Bizarrely, the only way in and out of this megarich powwow is through a small channel with a scruffy bridge raised only three times a day. The wind is up, so leaving without a scratch to the sides (or worse) means Captain Greg is in for an adrenalin-pumping moment. Skippering a superyacht is an impressive feat of multi-tasking, in which you don’t just sail a huge and complex machine. You also need to know everything from how to fix bilge pumps and the intricacies of Croatian VAT to the best way to bag a top dinner table during the Monaco Grand Prix.
We do it, just, and Greg celebrates by playing “Pinball Wizard” at full blast on the sound system. Needless to say, this isn’t any old hi-fi; it’s a no-expense-spared extravaganza featuring Apple-based Savant technology that also lets users adjust everything from the blinds to the air con to the security cameras from a smartphone touchscreen. Then there’s the satellite broadband, the video-conferencing saloon, the 60in flat-screen TV with a Kaleidescape system offering 500 movies on demand. You don’t get mega-rich without being a control freak.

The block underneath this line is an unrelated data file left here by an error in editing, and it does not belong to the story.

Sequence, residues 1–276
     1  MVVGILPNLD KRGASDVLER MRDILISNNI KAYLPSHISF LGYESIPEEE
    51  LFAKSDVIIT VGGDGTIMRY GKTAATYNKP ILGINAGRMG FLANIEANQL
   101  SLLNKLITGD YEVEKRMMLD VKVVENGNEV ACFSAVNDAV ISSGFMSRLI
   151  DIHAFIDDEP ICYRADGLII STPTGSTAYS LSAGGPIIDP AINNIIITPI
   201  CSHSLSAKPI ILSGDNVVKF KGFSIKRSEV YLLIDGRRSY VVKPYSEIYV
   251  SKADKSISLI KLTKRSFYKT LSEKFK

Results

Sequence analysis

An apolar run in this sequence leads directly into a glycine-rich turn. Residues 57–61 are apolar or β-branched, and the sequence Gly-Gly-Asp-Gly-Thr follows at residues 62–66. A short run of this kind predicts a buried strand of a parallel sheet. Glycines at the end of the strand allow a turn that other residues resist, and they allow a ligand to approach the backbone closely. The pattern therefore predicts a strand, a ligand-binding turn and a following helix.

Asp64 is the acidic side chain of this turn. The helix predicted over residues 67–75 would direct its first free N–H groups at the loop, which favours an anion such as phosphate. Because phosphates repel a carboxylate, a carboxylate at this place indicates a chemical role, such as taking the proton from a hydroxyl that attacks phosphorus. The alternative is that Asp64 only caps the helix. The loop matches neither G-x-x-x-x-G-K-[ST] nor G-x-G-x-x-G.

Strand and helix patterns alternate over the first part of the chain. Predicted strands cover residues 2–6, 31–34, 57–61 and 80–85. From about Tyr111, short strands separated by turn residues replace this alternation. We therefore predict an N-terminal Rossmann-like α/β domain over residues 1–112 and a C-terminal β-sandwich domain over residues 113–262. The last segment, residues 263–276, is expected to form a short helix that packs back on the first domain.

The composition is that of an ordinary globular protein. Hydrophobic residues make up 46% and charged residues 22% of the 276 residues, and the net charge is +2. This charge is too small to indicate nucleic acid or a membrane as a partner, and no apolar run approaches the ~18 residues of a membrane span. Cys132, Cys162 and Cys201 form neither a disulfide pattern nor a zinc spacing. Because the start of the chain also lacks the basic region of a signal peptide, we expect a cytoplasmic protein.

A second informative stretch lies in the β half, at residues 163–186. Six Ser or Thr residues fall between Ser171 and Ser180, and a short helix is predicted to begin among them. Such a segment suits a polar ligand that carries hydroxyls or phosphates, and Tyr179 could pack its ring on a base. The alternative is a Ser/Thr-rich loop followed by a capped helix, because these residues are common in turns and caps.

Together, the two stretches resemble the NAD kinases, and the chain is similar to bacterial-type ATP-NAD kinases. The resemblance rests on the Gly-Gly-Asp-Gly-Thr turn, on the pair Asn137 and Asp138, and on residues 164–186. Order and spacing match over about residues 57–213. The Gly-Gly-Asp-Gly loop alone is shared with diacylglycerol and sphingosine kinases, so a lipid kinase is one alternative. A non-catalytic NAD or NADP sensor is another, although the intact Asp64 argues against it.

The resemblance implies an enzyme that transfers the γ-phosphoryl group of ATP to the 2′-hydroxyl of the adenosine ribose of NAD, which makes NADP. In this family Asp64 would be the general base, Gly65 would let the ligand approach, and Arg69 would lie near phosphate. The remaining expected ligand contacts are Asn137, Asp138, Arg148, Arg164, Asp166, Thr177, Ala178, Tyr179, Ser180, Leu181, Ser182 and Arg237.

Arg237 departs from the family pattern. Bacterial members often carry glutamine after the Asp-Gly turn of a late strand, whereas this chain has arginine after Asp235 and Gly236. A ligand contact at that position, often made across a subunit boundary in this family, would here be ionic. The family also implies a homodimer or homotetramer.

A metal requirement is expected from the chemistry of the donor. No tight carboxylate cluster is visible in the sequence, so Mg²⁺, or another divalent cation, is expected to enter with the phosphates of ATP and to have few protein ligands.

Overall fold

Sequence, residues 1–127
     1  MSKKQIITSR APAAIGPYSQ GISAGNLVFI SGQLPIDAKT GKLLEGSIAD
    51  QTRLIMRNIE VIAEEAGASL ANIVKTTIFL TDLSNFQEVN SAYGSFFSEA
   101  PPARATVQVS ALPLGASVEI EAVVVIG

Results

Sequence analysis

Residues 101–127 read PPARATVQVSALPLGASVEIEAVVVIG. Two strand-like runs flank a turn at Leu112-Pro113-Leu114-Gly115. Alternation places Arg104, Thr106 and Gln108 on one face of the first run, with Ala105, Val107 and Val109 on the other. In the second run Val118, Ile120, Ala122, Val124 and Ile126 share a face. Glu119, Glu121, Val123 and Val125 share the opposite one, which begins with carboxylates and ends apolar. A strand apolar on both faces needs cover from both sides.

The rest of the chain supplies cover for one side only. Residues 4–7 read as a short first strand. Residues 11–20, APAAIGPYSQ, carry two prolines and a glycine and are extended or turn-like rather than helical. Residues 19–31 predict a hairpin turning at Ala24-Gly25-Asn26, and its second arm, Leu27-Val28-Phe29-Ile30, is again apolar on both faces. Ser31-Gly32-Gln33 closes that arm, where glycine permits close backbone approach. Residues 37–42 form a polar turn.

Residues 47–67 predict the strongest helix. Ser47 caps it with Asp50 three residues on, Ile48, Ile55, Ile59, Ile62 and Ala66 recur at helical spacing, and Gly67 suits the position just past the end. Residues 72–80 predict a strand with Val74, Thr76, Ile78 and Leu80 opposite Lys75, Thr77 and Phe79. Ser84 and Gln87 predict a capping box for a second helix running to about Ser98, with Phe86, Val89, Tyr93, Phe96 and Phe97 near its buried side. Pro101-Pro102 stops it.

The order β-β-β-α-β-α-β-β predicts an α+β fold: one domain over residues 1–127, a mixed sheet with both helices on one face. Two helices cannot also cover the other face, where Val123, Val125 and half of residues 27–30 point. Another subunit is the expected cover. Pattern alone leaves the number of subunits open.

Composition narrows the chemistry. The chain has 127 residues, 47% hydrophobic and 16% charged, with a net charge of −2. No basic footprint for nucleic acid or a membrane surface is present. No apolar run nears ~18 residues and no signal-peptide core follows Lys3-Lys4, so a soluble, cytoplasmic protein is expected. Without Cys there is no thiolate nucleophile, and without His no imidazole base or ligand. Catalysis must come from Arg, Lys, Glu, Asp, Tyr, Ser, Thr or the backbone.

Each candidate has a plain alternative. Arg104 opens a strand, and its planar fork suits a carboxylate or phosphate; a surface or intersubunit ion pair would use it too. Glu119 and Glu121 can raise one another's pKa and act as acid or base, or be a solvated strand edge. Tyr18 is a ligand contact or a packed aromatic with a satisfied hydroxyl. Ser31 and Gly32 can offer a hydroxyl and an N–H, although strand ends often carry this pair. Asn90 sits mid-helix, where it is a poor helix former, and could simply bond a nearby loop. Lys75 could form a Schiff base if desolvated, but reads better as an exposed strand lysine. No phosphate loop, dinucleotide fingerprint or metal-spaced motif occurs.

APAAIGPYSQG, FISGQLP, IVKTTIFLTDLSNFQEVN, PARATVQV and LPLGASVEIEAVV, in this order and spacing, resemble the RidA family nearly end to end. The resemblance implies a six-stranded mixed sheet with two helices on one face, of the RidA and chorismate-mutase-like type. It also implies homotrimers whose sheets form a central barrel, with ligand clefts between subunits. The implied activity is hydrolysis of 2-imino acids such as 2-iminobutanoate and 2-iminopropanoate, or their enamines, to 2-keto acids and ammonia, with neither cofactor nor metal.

Out on the blue ocean, however, there is a delicious sense of freedom. Now where shall we go? St Barths? Saba? The BVIs? It’s up to us. The crew lower the keel, we turn our head to the wind, then up goes the mainsail on a mast that soars to 59m (190ft). But if you want to pull a rope, forget it. Everything is done from two consoles with enough buttons and switches to fly to the moon.
Soon we are bouncing over the waves, hitting 12 knots and leaning at a jaunty 14 degrees. The sun is out, the engines are off, the brown boobies are saying hi… Up above us, Panthalassa’s vast sails do their bends and stretches, more than 16,000sq ft of iceberg-white triangles tangoing with the warm wind. Suddenly the clichéd bubbles-and-bling image of superyachting seems ridiculous. The supreme way to enjoy a charter like this, I realise, would be to spend part of your holiday competing in a superyacht regatta. That’s when the rock-star crews come on board, and the fun really starts. The Bucket in St Barths, the Loro Piana in Sardinia, Les Voiles de St Tropez – oh yes, I’m free. Are you?